CONSIDERING “what it’s like for a horse to be a horse” should be at the heart of efforts to improve equine mental wellbeing.
At a World Horse Welfare webinar on 25 August on horses’ mental health, Andrew McLean, who specialises in training horses and elephants, having evented to top level, was joined by former champion jockey and pundit John Francome and World Horse Welfare’s Caroline Heard.
Dr McLean, who co-founded the International Society for Equitation Science, spoke of what has changed in equestrian management and training.
He said science has had a huge impact on equine physical health, but “science hasn’t always helped us understand horses’ minds”.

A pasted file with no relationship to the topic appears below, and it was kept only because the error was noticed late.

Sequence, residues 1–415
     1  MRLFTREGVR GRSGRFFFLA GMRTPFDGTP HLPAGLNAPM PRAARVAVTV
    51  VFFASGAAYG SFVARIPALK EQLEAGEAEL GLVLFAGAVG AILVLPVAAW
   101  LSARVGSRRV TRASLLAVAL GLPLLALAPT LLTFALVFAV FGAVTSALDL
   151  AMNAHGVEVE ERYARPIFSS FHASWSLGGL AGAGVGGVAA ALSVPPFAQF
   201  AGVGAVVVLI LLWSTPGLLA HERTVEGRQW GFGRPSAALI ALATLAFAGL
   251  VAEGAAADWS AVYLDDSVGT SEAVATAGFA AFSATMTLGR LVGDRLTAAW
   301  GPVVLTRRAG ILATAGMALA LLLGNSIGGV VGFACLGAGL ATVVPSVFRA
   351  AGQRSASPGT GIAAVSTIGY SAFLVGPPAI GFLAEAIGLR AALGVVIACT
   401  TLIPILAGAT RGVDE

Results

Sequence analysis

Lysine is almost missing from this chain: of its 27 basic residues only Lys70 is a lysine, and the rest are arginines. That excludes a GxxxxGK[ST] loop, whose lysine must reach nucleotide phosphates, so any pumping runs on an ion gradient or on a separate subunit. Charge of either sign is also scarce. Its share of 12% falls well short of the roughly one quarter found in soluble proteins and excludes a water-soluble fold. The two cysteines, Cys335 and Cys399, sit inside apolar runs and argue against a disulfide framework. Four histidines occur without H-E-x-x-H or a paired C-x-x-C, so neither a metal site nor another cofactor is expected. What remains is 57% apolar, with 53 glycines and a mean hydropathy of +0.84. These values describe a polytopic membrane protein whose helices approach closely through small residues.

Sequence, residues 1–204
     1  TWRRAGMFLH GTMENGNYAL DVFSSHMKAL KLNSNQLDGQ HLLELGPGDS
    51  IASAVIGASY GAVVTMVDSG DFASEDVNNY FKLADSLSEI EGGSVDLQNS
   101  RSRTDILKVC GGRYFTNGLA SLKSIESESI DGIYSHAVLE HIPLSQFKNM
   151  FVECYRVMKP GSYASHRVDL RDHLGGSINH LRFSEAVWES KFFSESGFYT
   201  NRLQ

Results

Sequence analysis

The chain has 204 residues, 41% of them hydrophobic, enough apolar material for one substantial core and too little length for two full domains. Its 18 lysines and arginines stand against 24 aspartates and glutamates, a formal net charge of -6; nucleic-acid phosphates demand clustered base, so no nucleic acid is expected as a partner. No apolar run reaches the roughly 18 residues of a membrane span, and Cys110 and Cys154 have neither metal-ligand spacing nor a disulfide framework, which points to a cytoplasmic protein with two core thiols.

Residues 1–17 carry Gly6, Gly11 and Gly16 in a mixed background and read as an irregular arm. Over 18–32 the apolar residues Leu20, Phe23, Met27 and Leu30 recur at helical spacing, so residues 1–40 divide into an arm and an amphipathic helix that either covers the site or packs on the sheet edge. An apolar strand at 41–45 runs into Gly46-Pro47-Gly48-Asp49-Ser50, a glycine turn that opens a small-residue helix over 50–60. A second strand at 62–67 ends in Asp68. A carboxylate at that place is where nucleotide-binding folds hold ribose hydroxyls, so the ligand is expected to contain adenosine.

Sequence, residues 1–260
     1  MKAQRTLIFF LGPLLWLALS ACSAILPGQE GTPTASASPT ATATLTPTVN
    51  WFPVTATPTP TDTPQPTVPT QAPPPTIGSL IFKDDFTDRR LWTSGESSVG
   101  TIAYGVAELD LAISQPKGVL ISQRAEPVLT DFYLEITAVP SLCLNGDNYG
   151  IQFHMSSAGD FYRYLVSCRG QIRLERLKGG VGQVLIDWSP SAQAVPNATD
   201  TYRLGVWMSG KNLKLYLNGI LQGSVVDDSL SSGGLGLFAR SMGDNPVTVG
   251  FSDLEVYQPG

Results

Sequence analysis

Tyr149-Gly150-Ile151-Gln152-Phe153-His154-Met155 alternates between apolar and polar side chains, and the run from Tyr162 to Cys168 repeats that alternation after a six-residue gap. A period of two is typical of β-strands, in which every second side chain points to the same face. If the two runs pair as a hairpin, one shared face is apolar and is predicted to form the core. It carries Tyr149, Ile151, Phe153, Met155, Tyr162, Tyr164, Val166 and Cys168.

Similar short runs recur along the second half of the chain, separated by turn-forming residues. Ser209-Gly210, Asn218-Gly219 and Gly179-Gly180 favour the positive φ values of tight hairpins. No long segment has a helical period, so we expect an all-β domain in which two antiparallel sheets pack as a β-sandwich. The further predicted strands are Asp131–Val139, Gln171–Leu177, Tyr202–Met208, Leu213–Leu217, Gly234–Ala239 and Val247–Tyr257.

He said we still understand animals in terms of hierarchy, for example, adding: “That’s a big legacy because when we say, ‘This one’s dominant,’ it leads us to thinking about and training horses in terms of dominance; that narrative is very strong.”
But he added that the “new frontier” is equitation science.
“In terms of welfare, the horse has always been seen in terms of its utility, and the aim in looking after them was to give them a better life,” he said, adding that this has moved on from a “better life” to “a more worthwhile life”.
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